Split Decision in Tobacco Case

By Nora FitzGerald

WASHINGTON, D.C.–Both the advertising industry and the Food and Drug Administration came away victors from the Greensboro, N.C., tobacco case Friday in which a federal judge said that the FDA may regulate tobacco but may not restrict advertising of the product.

The case involves two lawsuits: one brought by the tobacco manufacturers and the other by the advertising industry against the FDA. Judge William Osteen decided that while the FDA has authority over tobacco, it has no jurisdiction over advertising.

Hal Shoup, executive vice president of the American Association of Advertising

Agencies, said, ‘We were granted exactly what we were seeking: summary judgment that prevents the FDA from implementing its proposed restrictions on the truthful advertising and promotion of a legal product.’ ‘This was a victory for advertising and a repudiation of the FDA’s efforts to regulate tobacco advertising,’ said Dan Jaffe, executive vice president of government relations for the Association of National Advertisers.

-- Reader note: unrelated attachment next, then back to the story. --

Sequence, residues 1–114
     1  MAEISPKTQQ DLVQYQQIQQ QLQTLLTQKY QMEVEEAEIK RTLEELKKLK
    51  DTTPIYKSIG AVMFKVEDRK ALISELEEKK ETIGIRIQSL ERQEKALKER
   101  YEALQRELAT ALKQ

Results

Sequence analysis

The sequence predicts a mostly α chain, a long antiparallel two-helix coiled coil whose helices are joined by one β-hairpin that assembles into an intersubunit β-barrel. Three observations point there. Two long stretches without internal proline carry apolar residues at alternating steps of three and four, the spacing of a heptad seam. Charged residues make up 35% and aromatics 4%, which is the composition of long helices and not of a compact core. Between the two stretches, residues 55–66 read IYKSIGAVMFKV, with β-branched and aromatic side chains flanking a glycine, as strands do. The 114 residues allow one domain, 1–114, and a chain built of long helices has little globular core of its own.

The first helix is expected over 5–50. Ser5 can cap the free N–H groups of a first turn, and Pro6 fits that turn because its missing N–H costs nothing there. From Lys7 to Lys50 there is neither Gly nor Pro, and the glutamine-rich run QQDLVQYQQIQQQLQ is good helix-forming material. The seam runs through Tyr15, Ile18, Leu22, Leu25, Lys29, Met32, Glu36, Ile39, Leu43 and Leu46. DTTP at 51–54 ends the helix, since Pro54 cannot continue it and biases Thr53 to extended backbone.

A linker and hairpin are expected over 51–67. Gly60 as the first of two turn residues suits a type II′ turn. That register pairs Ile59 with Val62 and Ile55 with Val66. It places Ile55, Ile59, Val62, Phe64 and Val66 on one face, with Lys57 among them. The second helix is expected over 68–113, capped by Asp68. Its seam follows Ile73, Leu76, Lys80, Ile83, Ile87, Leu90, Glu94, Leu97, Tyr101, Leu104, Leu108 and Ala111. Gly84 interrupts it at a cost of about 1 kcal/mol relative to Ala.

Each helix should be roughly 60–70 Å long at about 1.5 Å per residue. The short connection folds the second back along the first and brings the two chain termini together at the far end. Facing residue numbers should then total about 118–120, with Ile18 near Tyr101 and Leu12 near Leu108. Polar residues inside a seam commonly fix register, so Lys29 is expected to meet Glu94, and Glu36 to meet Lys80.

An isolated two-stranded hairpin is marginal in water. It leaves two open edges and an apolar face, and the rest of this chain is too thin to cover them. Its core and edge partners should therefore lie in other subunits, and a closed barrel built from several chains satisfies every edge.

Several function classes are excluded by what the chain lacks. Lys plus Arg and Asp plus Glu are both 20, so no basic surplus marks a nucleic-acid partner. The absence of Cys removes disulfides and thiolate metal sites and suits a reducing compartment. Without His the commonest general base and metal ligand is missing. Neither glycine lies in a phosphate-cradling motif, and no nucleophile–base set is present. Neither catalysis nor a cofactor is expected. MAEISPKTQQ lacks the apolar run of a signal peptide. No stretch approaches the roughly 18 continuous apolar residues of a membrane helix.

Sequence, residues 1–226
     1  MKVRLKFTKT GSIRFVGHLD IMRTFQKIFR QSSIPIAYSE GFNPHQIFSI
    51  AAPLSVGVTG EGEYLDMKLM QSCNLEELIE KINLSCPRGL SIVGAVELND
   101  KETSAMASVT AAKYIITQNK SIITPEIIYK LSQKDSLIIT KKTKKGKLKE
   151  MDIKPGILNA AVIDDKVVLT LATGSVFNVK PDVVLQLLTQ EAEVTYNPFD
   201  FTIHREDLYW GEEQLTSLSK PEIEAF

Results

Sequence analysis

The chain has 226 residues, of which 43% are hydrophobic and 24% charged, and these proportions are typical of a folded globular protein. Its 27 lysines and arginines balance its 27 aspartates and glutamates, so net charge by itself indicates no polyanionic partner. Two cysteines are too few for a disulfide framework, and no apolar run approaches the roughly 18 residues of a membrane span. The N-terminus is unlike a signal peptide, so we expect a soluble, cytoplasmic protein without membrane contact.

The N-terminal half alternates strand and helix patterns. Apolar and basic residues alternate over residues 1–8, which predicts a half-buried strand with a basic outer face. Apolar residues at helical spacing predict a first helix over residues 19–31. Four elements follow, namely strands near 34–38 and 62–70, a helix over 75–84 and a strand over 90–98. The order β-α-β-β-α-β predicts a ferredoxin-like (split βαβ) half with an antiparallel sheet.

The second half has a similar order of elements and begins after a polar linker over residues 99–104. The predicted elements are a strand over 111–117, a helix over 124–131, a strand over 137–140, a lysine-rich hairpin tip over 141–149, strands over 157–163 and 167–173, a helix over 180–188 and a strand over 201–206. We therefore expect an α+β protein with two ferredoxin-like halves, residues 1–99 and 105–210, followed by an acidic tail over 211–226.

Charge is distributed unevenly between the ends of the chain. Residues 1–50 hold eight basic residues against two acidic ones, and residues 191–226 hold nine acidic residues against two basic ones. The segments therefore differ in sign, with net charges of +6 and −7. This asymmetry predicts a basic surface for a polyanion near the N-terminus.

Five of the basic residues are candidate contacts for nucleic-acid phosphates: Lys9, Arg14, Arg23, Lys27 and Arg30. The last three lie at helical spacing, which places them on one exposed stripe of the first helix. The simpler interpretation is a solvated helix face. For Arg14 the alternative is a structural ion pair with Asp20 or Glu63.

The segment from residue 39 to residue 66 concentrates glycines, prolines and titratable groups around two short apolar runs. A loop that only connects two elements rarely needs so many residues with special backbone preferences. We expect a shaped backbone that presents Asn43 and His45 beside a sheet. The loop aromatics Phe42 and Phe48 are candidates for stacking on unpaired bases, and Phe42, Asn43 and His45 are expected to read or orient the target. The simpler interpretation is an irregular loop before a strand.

President Clinton said in a statement that an appeal will be filed for parts of the case that were not upheld–namely the enforcement of ad bans. The Fourth Circuit Court of Appeals in Richmond, Va., which has already decided in favor of billboard bans in a related case, will hear the appeal. ‘This is (an) historic and landmark day for the nation’s health and children,’ Clinton said. ‘With this ruling, we can regulate tobacco products and protect our children from a lifetime of addiction and the prospect of having their lives cut short ‘

Clinton went on to say that keeping tobacco billboards away from schools and not allowing the sale of cigarettes to minors, all part of the FDA plan, is ‘just plain common sense.’

The decision by the U.S. District Court for the Middle District of North Carolina will likely impact ongoing negotiations between the government and tobacco companies, legal scholars said. ‘This decision takes the advertising card away from the government,’ said Paul Rothstein, constitutional law professor at Georgetown University in Washington, D.C. ‘But it gives them a much more important card–the specter of FDA regulation.’

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